I propose to take Questions Nos. 147, 329, 330 and 331 together.
Tackling all Health Care Associated Infections (HCAIs), including MRSA and C. difficile, continues to be a priority for the Government and the Health Service Executive (HSE). The HSE launched a National Infection Control Action Plan in March 2007. An Infection Control Steering Group is responsible for overseeing the implementation of the plan. This Steering Group is supported by eight Local Implementation Teams which ensure that all local facilities are focused on achieving the national targets. The HSE aims over the period of the plan to reduce HCAIs by 20%, MRSA infection by 30% and antibiotic consumption by 20%. Achievement of these targets will benefit all patients who are at risk.
A new National Surveillance System has been established to collect data and provide information based on four key areas in order to monitor HCAIs in our health system:
1. Staphylococcus bacteraemia (bloodstream infection);
2. Antibiotic consumption;
3. Alcohol gel use;
4. MRSA Surveillance in Intensive Care Units, from 2008 onwards.
This data (excluding MRSA in ICUs) has been compiled and published for 2006 and 2007. This report represents a significant step forward in terms of providing essential data that will serve as a benchmark for assessing progress in the future. This is the first report providing information on a hospital by hospital basis. The number of hospitals in this report which did not return any cases of MRSA was seven. I firmly believe that you cannot manage what you do not measure. We have now with this system begun a very useful measurement process. The results so far show some improvement in 2007 over 2006. The overall S. Aureus bloodstream infection rate was lower in 2007 (0.36) compared to 2006 (0.37). The overall proportion of MRSA was also lower in 2007 (38.5%) compared to 2006 (42.4%). The number of MRSA blood stream infections for the past five years are — 477 cases in 2003, 550 cases in 2004, 586 cases in 2005, 589 cases in 2006 and 533 cases in 2007.
Ireland participated in the Third Prevalence Survey of Health Care Associated Infections in acute hospitals in 2006 which surveyed a number of hospitals in Ireland, England, Northern Ireland and Wales. This study revealed that the Republic of Ireland was shown to have the lowest prevalence rate of both HCAIs and MRSA when compared with England, Northern Ireland and Wales. In European terms, the rates of MRSA for Ireland are better than many of the South European countries but not as low as some of the Scandinavian countries. Since May 4th of this year, C. difficile has become a notifiable disease and all cases now have to be reported to the relevant Department of Public Health. The range identified in the Third Prevalence Survey of Health Care Associated Infections in acute hospitals in 2006 was 0.5% of patients studied. The information available to date is the number of cases reported up to the 13th September 2008 which is 956 and is consistent with the results of the 2006 survey.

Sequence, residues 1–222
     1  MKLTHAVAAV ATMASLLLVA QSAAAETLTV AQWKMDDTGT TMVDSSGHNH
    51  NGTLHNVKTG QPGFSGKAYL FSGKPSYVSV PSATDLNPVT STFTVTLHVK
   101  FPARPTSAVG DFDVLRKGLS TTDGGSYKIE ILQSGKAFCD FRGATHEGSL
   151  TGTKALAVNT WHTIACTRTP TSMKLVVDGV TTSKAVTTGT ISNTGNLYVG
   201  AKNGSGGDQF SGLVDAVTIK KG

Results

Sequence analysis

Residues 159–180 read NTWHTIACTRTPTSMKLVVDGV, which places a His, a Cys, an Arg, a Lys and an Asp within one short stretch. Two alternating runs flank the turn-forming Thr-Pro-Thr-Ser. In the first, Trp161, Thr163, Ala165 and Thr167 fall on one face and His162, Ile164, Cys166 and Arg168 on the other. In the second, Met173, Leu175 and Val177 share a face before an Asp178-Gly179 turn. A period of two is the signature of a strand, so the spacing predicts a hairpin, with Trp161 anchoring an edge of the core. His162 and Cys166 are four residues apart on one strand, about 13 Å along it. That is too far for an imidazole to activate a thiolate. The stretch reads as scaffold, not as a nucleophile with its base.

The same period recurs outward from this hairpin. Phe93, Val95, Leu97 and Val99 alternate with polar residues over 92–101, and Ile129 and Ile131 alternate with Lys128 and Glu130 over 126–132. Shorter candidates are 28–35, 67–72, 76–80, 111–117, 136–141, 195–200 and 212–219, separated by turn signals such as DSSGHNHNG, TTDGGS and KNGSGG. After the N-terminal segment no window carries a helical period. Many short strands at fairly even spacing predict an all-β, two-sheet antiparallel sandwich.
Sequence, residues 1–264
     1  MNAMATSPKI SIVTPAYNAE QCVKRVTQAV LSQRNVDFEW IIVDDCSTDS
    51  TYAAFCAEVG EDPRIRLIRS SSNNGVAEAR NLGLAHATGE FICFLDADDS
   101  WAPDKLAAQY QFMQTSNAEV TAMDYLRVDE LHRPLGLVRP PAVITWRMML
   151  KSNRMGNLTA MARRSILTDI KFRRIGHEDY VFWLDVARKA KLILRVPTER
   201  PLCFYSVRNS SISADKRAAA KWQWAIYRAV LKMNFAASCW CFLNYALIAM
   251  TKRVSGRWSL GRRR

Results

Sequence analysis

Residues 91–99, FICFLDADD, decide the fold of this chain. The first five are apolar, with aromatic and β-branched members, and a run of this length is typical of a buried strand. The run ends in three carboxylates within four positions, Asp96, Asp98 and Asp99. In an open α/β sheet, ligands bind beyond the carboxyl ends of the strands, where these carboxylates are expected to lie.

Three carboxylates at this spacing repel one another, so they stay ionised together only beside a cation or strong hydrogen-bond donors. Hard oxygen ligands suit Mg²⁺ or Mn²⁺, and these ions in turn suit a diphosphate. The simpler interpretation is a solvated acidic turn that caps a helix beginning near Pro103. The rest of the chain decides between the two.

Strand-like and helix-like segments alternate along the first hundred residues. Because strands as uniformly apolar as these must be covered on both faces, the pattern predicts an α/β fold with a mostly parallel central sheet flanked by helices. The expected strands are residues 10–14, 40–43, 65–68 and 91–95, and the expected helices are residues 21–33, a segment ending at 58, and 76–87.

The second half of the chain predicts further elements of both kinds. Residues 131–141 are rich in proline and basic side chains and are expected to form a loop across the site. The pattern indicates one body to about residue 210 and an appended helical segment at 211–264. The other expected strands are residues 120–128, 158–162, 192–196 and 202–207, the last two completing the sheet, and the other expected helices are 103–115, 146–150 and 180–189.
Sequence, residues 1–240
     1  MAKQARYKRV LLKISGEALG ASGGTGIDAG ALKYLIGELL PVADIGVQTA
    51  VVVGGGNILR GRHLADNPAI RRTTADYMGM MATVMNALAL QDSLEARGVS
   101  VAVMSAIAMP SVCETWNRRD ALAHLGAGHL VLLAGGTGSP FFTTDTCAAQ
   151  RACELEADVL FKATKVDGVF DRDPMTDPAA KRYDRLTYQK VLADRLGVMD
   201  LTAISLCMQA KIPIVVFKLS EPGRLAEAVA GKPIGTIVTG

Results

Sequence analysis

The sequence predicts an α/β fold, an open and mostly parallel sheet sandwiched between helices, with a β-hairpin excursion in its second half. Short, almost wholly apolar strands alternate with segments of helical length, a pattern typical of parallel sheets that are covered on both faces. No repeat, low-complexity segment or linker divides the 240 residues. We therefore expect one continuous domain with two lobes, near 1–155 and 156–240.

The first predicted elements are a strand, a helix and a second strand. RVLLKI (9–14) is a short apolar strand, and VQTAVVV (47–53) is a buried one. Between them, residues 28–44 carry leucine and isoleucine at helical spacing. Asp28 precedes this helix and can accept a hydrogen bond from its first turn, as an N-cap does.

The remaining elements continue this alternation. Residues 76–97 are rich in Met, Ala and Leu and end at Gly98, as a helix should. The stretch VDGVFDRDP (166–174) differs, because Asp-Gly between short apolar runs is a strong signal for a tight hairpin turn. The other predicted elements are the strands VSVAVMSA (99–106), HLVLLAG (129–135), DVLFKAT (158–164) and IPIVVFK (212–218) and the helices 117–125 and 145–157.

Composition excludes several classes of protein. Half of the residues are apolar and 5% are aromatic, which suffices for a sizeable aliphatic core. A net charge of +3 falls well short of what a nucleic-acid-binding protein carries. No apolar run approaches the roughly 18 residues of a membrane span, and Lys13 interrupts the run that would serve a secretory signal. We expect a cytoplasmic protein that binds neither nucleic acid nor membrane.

Other measures taken to reduce the incidence of HCAIs include the appointment of additional infection control staff, education campaigns for healthcare staff and the general public around the prudent use of antibiotics and the use of designated private beds for isolation purposes where required for patients who contracted HCAIs. In addition, new environmental building guidelines to inform infection control policy in all new builds and refurbishments are expected to be published shortly by the HSE.
In relation to hygiene standards and best practice, the Health Information and Quality Authority (HIQA) undertook a comprehensive review of hygiene in our acute hospitals in 2007 and published its report last November. This review was based on hygiene standards which were accredited by the International Society for Quality in Healthcare. The report represents a thorough assessment of how hygiene services are provided and managed in 51 HSE-funded acute care hospitals. HIQA is following up on this review to ensure that deficits identified during that process are rectified and the Authority has already commenced a further national review this month.
In addition, HIQA is due to publish Infection Prevention and Control Standards later this year. These standards are consistent with international best practice. When finalised, these, along with the National Hygiene Standards, will provide a comprehensive framework to control infection in all healthcare settings. While accepting that not all HCAIs are preventable, I am satisfied that significant steps are being taken to reduce the rates of HCAIs generally and to treat them promptly when they occur.